The 8th World Investment Forum taking place in Abu Dhabi 16-20 October brings together governments, global institutions, investors, stock exchanges, investment promotion agencies and sovereign wealth funds to discuss the challenges of financing global sustainable development and the energy transition.
The United Nations Conference on Trade and Development (UNCTAD) issued a compelling call at the 8th World Investment Forum, urging increased efforts to channel net-zero finance towards developing economies. The call emphasizes the crucial need for capital in these countries, where significant opportunities for growth lie.
UNCTAD Secretary-General Rebeca Grynspan said the energy transition, a critical element in addressing climate change, requires substantial investment. “The investment needs are much higher in developing than in developed economies, relative to their existing asset bases,” she said.
To limit global warming to 1.5° Celsius above pre-industrial levels, the world needs investment equivalent to one and a half times today's global GDP by 2050.
Foreign direct investment critical to energy transition
Foreign direct investment (FDI) will be key to this transition, especially in the renewable energy sector. International project finance constitutes 55% of total project finance values, rising to over 75% in the least developed countries (LDCs). However, the high cost of capital, particularly in countries facing debt distress, poses a significant hurdle.
Africa, burdened by interest rates four to eight times higher than developed countries, struggles to attract the necessary investment. Despite receiving only 3.5% of global FDI, and even less in renewable energy investment, 31 developing countries, including 11 LDCs, haven’t registered a single utility-scale power-plant-sized international investment project in the energy transition sector since the Paris Agreement in 2015.
Small island developing states are particularly affected, attracting only 0.6% of global FDI in 2022, concentrated in a handful of countries. Structural impediments, including logistical challenges, modest market size, elevated risk ratings, and vulnerability to natural disasters, contribute to this disparity.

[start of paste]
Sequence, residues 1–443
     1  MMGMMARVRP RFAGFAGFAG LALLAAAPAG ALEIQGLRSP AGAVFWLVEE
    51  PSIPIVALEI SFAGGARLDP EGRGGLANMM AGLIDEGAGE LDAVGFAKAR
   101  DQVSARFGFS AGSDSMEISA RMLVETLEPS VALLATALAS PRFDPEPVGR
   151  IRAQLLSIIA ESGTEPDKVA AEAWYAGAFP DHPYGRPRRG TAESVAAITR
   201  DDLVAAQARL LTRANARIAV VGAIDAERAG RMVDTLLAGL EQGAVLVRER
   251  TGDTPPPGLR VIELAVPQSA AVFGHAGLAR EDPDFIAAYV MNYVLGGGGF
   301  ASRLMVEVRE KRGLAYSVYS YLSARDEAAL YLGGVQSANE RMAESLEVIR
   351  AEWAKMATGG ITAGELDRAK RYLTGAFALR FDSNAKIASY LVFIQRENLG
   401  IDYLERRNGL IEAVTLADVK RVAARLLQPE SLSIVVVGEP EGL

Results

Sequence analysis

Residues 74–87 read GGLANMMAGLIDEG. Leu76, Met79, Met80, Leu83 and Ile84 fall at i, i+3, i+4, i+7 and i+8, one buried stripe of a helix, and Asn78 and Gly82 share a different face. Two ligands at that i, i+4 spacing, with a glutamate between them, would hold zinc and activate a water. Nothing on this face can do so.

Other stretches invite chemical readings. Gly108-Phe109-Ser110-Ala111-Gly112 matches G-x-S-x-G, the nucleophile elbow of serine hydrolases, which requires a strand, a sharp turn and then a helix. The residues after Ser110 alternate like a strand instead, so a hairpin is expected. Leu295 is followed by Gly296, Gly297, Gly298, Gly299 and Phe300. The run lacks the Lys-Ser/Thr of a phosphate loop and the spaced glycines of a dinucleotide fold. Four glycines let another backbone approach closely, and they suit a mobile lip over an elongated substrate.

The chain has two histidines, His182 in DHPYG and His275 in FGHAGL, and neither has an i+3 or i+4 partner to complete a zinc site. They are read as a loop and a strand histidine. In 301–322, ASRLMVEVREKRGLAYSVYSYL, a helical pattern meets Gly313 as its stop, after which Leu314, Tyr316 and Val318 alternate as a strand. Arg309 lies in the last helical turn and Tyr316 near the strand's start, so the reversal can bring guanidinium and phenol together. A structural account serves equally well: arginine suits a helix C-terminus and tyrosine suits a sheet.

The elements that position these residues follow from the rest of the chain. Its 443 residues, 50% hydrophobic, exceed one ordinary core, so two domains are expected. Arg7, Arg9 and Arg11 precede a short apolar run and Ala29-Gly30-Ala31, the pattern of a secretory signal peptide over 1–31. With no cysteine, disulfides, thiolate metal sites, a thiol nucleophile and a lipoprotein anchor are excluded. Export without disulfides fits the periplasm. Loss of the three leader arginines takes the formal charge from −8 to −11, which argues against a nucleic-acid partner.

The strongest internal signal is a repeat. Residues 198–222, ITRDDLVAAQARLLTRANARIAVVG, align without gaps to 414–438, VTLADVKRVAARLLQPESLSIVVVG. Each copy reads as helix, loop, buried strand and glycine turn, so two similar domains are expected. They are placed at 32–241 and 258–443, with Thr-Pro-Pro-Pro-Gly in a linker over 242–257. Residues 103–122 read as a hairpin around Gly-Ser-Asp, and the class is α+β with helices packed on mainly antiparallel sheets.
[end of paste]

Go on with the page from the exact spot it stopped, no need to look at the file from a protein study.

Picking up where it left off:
International investors have a vital role
UNCTAD underscores the role of international investors in providing more affordable finance to reduce the cost of capital for projects. On average, bringing in international investors lowers the spread on debt finance by 8% in developing countries. Collaboration with multilateral development banks and government stakes in public-private partnerships can further decrease the spread by 40%.
UNCTAD emphasizes the need for collaboration among parliamentarians, policymakers and business leaders for a nuanced and collaborative approach to address the challenges of the sweeping global economic transformation that a transition to a net-zero economy will require.
The International Organization of Securities Commissions, International Finance Corporation (World Bank Group), International Financial Reporting Standards and the UN Supported Principles for Sustainable Investment highlighted that clear frameworks and transparent sustainability reporting are prerequisites for sustainable finance and investment.
UNCTAD is committed to supporting investors and financial markets to embed sustainability in their investments, improve disclosure and transparency, and commit to sustainable investment, especially in developing economies.
COP28: Global dialogue on investment
Key players, including the UN Framework Convention on Climate Change and the International Renewable Energy Agency participated in the COP28 Global Dialogue and Investment event, highlighting the insufficient current level of investment in climate finance.
Experts from investment promotion agencies, investment funds and sustainable investment experts contributed to the broader climate finance and investment track of the World Investment Forum, generating insights and policy ideas for discussions at COP28.